I’ve spent the past few days thinking over what my next post would be about, seizing upon and discarding topic after topic – “too trendy”, “too political”, “too lame” (mostly they’ve been the latter). Surprisingly though, this has been an enjoyable process. Giving myself permission to consider any idea and just “wait for the creative” to come along has been satisfyingly self-indulgent.
Somewhere along the line this week, I picked up J.K. Rowling’s new book, The Cuckoo’s Calling. She wrote it under pseudonym (Robert Galbraith) but her true identity was leaked, resulting in book sales shooting predictably through the roof. Full disclosure: I’m one of those people who bought it after learning that she wrote it. In my defense, I had not previously heard of it, but I think this has something to do with her rationale for shielding her identity in the first place.
Anyhow, I bought it because I love her writing #noshame. Even as an adult, I read and re-read her Harry Potter series, simply to enjoy their sheer delicious, brilliant creativity. It boggles my mind how she was able to craft such a complex, detailed and compelling story over something like twelve years of writing and editing, draft after draft, and under the mounting pressure of the world’s anxious anticipation for the next installment. No wonder she wanted some anonymity when introducing her newest project!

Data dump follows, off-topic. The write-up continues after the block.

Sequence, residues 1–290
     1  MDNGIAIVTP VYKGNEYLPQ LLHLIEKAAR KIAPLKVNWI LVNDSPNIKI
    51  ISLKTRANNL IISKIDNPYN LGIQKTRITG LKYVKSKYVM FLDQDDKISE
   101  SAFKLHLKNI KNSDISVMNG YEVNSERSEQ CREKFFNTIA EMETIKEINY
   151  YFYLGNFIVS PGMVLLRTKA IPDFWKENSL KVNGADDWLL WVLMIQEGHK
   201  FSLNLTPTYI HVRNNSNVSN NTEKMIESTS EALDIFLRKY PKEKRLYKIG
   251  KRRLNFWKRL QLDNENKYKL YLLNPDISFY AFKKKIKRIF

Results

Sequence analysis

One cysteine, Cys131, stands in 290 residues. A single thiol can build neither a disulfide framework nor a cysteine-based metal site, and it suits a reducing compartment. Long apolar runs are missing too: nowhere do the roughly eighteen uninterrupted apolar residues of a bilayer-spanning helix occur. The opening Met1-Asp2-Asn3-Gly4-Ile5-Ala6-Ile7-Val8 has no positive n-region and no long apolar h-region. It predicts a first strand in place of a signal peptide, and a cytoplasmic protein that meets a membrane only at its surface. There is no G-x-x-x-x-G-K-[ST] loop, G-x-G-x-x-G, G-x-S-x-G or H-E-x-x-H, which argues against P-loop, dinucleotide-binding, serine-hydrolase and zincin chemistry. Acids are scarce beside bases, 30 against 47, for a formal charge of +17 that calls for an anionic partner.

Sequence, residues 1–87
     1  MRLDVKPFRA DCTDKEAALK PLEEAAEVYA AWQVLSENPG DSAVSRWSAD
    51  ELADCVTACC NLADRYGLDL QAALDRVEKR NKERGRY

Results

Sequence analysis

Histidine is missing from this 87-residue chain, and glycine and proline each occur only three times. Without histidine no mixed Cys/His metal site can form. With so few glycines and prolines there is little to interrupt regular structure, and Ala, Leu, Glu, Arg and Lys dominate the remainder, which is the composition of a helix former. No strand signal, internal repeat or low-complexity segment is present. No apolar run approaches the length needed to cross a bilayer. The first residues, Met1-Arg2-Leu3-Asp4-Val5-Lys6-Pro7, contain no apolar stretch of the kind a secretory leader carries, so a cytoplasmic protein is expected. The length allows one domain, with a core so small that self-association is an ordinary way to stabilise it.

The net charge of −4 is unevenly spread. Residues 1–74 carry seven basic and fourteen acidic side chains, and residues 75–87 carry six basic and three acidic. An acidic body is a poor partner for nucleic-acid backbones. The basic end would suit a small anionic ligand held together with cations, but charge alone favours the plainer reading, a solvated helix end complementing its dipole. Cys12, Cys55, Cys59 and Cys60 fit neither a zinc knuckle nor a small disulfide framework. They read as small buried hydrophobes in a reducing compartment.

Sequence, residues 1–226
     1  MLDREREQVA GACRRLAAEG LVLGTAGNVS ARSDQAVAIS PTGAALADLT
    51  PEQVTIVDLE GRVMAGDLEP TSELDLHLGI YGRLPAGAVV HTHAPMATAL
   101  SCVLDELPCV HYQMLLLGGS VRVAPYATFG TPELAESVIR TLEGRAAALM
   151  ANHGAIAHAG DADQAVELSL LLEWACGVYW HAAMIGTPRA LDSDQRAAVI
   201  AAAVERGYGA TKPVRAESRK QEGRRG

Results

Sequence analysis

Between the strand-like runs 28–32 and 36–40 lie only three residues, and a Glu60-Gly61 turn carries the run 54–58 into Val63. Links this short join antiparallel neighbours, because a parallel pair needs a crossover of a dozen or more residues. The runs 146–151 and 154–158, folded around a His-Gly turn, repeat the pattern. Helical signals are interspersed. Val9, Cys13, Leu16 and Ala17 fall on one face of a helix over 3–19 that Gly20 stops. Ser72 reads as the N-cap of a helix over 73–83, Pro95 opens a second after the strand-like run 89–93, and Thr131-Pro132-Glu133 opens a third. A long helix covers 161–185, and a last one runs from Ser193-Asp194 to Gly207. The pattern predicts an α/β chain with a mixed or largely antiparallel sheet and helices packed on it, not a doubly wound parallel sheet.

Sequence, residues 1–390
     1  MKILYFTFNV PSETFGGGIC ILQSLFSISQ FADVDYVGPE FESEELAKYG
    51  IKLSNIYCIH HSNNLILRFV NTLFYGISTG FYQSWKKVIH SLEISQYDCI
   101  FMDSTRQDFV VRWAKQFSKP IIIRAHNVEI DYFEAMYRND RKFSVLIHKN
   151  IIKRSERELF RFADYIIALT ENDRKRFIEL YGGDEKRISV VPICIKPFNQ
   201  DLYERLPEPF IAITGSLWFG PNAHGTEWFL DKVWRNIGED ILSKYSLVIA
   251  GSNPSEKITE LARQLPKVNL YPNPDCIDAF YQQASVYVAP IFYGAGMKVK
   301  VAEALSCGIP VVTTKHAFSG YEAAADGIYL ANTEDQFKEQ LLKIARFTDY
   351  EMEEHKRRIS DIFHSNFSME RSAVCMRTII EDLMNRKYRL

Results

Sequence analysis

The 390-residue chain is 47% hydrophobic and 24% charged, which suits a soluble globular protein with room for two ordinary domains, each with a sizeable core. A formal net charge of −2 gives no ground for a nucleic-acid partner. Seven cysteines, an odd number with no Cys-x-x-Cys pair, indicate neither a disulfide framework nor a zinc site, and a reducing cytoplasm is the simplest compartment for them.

But back to the Cuckoo. This week I realized why I love Ms Rowling, not as a reader but as a wanna-be writer, a writer-in-waiting if you will. When I cracked open the (e-version) of her newest story and sank happily into the first few lines, I heard it. Her voice. No matter that she’s not writing about wizards or curses or even small town elections (yes, I devoured The Casual Vacancy too). Regardless, or perhaps in spite of what she is writing, her voice shines through. Her choice of words, the cadence of her narration or her character’s speech; I can’t describe what it sounds like, but her voice is there in my head like a very old and intimate friend.
I read those first few lines and I heard that voice and I knew what I wanted to write about today. Its something that I think every author probably fantasizes about and it has nothing to do with sales or even popularity. Its the gift of a true and fine storyteller, and that it hit me while anticipating inspiration made waiting for the creative very much well worth it.
(P.S. For three years, all royalties from the sale of The Cuckoo’s Calling go to charity; as if you needed another reason to support a fabulous storyteller, there you have it!)